Only a few years ago, if someone offered to serve you a burger that looked and tasted like beef, but was made out of plants, you would have called it science fiction.
But Beyond Meat and Impossible Burgers plant-based meat alternatives are now readily available in supermarkets and fast food restaurants in the UAE and around the world.
Now the new frontier in alternative meat is cellular, where steaks are grown in laboratories over a period of only a month.
One company that has worked out the biotechnology to grow cuts of beef is Aleph Farms.
It is now in talks to grow lamb meat in the UAE.
Gary Brenner is vice president of product and market development for the Israeli company, and a veteran of more than thirty years in the food industry.
“A lot of the other companies are doing minced meat of one kind or another, or just certain tissue cells,” he said.
"We're doing the whole muscle product and that's what we're going to bring to market in the future.
"The idea is to produce locally. When it comes to the tissue cells we want to collaborate with local biotech research laboratories, and to source the tissue cells from a sheep locally.”
While it is likely to be a couple of years before UAE residents can sit down to enjoy a lamb chop grown at a local lab , Aleph Farms are pushing forward with their beef plans.
A commercial-scale pilot plant is set to be operational before the end of this year.
Aleph Foods grows entire muscles, making the type of product consumers instantly recognise as a cut of steak.
Mr Brenner said no animals are slaughtered in the process of creating the meat, as cells can be taken from cows and sheep without injury.
“The steaks are grown in controlled conditions, in bioreactors, and the bioreactors look very much like what you see in big yoghurt factors,” he said
The process is fully automated and there is no human contact.
“They grow in a liquid growth media. Part of it is minerals and nutrients, and in some cases it’s what we call recombinant proteins.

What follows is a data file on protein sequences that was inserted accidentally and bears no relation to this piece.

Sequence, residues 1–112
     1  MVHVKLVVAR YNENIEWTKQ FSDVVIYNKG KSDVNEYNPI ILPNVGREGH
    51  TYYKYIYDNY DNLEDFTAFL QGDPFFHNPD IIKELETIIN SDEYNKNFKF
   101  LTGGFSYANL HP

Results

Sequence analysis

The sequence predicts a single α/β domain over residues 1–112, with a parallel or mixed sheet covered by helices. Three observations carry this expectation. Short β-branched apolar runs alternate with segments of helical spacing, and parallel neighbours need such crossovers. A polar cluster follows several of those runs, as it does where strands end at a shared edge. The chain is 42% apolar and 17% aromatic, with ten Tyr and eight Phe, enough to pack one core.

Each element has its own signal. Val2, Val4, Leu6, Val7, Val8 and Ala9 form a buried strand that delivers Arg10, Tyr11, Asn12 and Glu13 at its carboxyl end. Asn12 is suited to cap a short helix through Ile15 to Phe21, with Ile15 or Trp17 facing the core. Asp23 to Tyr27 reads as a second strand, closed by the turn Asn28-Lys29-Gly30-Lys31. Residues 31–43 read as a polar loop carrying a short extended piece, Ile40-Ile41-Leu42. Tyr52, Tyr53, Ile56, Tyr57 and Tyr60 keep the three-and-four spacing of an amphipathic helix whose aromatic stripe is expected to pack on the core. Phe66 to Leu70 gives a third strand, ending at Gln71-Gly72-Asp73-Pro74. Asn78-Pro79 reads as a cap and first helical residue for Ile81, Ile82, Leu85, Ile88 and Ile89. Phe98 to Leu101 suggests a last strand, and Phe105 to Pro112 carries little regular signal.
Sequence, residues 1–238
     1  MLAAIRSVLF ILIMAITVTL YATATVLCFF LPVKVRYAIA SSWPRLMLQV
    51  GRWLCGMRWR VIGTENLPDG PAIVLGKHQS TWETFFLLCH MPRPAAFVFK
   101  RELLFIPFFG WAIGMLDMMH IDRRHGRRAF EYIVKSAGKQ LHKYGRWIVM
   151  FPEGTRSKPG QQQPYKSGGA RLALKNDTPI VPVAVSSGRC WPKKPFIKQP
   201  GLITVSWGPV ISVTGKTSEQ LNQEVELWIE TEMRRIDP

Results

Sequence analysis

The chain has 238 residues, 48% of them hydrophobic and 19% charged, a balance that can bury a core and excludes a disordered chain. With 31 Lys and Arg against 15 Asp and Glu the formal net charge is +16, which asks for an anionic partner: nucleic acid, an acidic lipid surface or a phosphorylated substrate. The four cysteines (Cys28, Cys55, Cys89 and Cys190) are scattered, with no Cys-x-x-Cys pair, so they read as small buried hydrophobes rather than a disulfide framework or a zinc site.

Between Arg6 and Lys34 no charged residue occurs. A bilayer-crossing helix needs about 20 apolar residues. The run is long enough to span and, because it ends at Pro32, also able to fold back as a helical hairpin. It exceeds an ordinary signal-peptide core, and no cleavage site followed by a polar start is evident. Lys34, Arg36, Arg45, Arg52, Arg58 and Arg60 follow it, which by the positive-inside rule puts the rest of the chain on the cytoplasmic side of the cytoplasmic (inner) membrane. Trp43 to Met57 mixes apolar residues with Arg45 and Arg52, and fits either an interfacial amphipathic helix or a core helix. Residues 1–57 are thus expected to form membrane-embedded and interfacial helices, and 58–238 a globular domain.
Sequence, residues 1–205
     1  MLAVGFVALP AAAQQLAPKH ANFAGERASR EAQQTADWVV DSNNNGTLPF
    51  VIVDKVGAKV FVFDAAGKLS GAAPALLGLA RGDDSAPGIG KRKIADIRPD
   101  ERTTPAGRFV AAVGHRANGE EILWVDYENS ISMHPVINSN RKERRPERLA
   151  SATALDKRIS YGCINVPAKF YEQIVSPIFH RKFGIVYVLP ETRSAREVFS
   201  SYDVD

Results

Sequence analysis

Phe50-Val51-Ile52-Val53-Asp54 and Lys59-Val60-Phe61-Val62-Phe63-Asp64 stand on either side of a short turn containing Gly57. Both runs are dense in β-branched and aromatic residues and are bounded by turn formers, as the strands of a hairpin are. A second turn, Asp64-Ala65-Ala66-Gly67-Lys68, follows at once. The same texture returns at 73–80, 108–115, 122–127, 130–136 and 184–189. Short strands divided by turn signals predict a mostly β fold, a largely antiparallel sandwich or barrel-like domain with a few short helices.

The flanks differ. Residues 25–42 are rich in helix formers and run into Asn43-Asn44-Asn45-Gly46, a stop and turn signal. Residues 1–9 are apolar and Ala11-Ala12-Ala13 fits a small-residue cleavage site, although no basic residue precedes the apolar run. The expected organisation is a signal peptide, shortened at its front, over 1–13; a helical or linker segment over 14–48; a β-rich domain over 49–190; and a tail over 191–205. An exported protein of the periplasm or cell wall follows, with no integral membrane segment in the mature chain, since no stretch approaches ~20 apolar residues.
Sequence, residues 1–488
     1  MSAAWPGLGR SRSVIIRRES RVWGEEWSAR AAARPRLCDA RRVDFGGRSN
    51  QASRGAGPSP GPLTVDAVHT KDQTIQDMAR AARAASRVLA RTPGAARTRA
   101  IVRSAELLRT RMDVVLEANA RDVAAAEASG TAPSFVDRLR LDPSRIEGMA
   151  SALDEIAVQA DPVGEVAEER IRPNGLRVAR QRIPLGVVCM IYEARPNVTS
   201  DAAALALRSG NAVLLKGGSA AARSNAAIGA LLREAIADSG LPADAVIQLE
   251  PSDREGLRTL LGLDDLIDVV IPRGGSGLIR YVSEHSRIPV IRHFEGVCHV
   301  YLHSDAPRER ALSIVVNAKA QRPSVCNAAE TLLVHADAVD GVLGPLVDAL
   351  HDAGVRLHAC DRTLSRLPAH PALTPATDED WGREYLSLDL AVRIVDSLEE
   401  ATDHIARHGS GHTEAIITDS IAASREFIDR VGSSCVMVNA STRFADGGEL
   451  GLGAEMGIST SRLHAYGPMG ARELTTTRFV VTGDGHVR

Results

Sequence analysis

“We can grow the steaks very quickly, because we can feed the cells as much as we want. There are no antibiotics and no genetically modified products.”
An environmental imperative
At present more than 50 billion kilograms of beef are consumed annually worldwide. Demand is set to increase, as the world's population is predicted to grow to nearly 10 billion by 2050.
Farm-grown meat is considered environmentally unsustainable by many climate activists. A recent study published in Science magazine found that producing a kilo of beef emits 60kg of greenhouse gases.
As consumers become more conscious of the consequences of their food choices, the global market for meat alternatives is growing faster than any other segment of the food industry, with an expected value of $140 billion annually by 2030.
But will these creative new meat solutions ever be affordable?
Adriaan Figee is the chief commercial officer of Zanderbergen World’s Finest Meat, which distributes and produces Beyond Meat in Europe and the Middle East.
Speaking to The National at the Gulfood exhibition in Dubai, he said they hoped "in due time" to sell their products at the same price as real meat protein.
“They are still a bit more expensive. The research and development and the investment which went into it, still contributes to the fact that it’s a more premium product,” he said.
Willem Spigt, the alternative protein product manager for the Dutch company said the cost will come down in the future.
"It also has to do with the scalability. In global terms 1 per cent of total meat sales is plant based, so it's still a very small market," he added.
“You need that scale of market to actually drive down the product’s cost. You probably need it to be 10 to 20 per cent of the meat market to actually come to the same cost.”
It is the same story for the cultivated meat market, which is still a frontier industry.
“We expect we will be able to bring our product in parity with a good steak by 2025,” said Mr Brenner.
But the Israeli food development expert is in no doubt about the imperative for meat substitutes.
“If we're going to have 10 billion people, we’d better have alternative ways to feed them, because conventional sources will just destroy the planet,” he concluded.